The 37-year-old veteran still has game left in him and Pittsburgh just couldn’t afford him with all the young players ready to jump into the lineup.

Kunitz takes his 800 plus games and four Stanley Cups to the Tampa Bay Lightning.

Matt Cullen

A Penguins’ fan favorite, Cullen opted to go home to Minnesota to finish his career. “Dad” was the fourth-line center that completely engulfed the perfect formula that was the Penguins last year.

He, along with Bonino played important minutes that mattered down the stretch.

What can the Pittsburgh Penguins do this season?

They can win another Stanley Cup.

It is simple as that. Until someone knocks them off the top of the mountain, everyone will be gunning for the Penguins.

The Pens will have adjusting to do with losing such a large group of players, not to mention a very prominent assistant coach. It will be interesting to see if Matt Murray can carry a full workload, and if he can’t, this could become a problem quickly.

Sidney Crosby and Evgeni Malkin have shown zero signs of slowing down and young players will fill in many of the gaps for the Pens.

Their D will be strong with the return of Kris Letang and the recent signing of Brian Dumoulin will solidify the D core. They just need to stay healthy.

Jake Guentzel will be a player to watch to see if he can continue to turn heads.

The big questions for the Penguins this season are simple. Have they lost too many pivotal depth players? Who will play center behind Malkin and Crosby? Can Murray play a full season without a safety net?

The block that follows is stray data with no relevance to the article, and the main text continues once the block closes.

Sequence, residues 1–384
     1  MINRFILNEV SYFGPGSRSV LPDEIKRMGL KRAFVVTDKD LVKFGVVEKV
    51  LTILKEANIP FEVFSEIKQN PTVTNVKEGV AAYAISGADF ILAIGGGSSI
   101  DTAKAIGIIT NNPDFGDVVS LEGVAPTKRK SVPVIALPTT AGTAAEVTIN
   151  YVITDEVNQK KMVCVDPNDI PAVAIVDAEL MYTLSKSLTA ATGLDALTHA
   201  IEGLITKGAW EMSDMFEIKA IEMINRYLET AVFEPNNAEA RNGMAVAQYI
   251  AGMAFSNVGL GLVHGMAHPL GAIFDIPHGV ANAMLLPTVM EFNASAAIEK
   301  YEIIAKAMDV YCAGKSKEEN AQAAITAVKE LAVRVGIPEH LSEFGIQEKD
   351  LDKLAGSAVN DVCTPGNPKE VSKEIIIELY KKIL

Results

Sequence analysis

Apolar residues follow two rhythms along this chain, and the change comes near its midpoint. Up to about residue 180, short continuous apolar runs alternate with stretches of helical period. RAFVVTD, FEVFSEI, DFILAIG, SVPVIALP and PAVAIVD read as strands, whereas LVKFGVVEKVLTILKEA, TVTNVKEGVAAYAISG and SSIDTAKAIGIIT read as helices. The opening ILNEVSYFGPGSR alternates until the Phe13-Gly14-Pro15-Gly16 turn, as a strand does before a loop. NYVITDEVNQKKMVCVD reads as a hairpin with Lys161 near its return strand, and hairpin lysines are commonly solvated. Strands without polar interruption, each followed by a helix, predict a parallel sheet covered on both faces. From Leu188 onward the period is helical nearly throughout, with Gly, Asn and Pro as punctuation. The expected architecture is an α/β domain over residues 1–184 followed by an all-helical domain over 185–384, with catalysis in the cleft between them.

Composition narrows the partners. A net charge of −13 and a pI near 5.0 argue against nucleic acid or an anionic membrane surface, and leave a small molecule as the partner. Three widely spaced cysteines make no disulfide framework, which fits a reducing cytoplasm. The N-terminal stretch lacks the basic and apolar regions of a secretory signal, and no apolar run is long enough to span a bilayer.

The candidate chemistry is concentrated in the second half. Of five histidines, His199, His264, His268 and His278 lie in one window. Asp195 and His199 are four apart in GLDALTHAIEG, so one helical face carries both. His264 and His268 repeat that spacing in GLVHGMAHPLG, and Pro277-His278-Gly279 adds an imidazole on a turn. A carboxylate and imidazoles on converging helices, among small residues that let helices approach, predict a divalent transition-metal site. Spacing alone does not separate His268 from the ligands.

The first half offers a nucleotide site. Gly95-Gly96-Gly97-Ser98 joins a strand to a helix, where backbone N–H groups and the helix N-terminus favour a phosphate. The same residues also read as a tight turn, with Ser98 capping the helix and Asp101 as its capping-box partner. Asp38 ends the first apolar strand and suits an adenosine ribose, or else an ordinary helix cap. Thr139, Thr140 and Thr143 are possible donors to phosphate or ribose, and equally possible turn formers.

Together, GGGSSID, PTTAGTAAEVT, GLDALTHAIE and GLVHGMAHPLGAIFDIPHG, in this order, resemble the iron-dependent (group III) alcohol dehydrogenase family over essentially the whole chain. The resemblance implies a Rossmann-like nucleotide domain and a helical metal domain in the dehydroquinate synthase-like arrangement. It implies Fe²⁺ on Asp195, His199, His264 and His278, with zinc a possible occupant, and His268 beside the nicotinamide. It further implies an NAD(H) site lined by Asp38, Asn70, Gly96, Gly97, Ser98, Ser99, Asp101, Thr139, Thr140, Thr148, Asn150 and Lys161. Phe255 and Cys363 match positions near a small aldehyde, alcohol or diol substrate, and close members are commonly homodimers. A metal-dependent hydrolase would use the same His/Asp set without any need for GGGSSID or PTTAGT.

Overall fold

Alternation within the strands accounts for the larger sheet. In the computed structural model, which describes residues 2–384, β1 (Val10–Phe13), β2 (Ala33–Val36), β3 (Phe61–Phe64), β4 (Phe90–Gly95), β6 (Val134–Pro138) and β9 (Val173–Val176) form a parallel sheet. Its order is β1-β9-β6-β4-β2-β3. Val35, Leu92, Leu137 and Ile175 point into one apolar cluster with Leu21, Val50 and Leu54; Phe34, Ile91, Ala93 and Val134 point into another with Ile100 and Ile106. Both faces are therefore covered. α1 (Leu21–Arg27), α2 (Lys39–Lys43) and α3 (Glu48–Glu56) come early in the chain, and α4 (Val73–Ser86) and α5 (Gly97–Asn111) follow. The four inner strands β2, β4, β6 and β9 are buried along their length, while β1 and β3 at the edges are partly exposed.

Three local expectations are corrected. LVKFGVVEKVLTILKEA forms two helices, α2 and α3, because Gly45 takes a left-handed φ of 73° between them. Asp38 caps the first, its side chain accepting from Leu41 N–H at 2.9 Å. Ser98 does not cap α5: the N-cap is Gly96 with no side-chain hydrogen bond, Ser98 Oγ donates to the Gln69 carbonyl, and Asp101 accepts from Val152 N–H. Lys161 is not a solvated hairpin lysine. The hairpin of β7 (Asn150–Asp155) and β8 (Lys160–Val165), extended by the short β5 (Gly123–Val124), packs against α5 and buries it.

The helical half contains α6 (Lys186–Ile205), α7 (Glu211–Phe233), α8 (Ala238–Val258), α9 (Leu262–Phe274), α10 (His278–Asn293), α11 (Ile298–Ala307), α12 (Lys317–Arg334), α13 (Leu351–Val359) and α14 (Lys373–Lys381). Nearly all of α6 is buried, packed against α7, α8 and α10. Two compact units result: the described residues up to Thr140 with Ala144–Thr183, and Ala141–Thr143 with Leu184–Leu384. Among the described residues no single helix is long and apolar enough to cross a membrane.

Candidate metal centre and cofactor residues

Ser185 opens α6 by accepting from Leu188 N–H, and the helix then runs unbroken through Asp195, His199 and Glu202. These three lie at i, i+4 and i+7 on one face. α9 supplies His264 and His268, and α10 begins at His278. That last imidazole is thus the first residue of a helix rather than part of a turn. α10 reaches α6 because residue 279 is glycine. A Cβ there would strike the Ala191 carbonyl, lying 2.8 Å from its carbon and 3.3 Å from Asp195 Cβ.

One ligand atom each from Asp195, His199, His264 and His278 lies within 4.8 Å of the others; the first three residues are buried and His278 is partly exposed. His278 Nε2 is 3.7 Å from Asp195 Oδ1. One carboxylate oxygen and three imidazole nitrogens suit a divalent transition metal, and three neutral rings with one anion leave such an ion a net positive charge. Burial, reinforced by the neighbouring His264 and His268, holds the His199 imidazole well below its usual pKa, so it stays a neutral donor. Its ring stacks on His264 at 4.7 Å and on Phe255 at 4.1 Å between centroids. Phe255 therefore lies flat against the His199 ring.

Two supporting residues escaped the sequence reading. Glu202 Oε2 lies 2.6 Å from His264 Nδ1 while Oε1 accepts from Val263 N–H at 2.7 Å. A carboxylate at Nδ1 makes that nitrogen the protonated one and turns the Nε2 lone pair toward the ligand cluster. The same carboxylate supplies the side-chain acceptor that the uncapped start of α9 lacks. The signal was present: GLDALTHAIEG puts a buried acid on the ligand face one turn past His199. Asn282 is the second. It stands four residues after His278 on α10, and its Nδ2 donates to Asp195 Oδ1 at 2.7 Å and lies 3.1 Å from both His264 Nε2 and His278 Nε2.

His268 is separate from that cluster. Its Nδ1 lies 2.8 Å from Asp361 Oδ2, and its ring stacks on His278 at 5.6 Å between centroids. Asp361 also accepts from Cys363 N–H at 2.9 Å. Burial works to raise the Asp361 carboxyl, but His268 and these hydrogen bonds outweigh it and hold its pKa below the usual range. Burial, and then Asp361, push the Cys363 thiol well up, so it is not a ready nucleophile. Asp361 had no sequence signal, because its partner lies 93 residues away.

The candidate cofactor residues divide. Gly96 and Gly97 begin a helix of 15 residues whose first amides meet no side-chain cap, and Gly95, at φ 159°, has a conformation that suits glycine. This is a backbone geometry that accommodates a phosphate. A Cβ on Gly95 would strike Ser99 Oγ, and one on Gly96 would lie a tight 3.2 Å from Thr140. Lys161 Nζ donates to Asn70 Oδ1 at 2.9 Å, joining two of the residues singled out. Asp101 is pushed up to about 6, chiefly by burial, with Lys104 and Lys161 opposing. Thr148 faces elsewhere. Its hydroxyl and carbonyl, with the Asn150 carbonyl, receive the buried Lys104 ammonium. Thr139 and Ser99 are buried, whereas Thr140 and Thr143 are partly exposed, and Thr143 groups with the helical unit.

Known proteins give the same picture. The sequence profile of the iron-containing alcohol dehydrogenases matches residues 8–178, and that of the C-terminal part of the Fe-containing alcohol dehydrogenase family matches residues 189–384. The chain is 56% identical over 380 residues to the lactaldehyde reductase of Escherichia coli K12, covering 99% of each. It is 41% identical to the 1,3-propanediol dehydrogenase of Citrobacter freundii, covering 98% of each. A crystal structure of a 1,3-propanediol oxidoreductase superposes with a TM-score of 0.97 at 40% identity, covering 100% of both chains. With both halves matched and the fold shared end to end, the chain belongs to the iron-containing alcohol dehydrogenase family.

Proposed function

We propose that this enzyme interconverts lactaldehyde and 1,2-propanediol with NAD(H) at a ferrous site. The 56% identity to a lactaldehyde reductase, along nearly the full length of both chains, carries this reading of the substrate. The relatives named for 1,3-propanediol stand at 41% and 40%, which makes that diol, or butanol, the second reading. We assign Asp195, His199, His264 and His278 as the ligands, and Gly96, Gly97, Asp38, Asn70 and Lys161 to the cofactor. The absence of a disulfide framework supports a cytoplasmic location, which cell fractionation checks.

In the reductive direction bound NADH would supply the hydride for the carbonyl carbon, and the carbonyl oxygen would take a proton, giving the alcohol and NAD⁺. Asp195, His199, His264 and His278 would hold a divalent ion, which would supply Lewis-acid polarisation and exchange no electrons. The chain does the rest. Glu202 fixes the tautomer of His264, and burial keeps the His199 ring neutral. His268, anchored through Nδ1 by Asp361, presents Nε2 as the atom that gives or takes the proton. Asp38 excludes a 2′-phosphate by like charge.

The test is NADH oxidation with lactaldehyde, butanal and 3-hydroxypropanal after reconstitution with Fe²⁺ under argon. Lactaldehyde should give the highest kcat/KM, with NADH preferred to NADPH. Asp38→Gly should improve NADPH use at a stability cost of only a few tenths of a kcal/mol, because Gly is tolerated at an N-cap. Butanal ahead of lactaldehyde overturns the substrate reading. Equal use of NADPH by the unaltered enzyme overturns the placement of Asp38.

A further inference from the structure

As I said before, the Penguins have a chance to three-peat, and any team that has Crosby and Malkin on their team has a chance to win.

Once again they are the team to beat.


I think that the Washington Capitals will once again be a very strong team and will give the Pittsburgh Penguins a run for their money in the division. The Blue Jackets have the potential to be deadly as well. Tampa Bay and Carolina are also teams to keep an eye on throughout the year as teams that might be better than a lot of people give them credit for.

In the West, the Oilers, Flames, Wild, Sharks, and Predators are all considered contenders going into the season. Winnipeg is a sleeper team that has a chance to be deadly if they can get strong goaltending.

Overall the Penguins, in my opinion, will be in the top five in the league and second or third in their division. That is a testament to how strong the Metro division is. For the playoffs there is no sense in predicting how things will play out.

The Penguins will make the playoffs easily, but do not be surprised if they run into a bit of a Cup hangover or just general fatigue at some point during the year.

Can the Penguins actually three-peat? Have they lost too much of their roster from last year? Tell us in the comments below.

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Laura Wiebe


I'm a 4th year student at  McGill University in Montreal Quebec, Canada. I am a die-hard hockey fan and was lucky enough to play competitively for 16 years. I was born in Leamington, Ontario, Canada and spent my high school years in Wilcox, Saskatchewan. I often find myself writing about the Pittsburgh Penguins and hopefully will continue my involvement within he hockey community in some way, shape or form.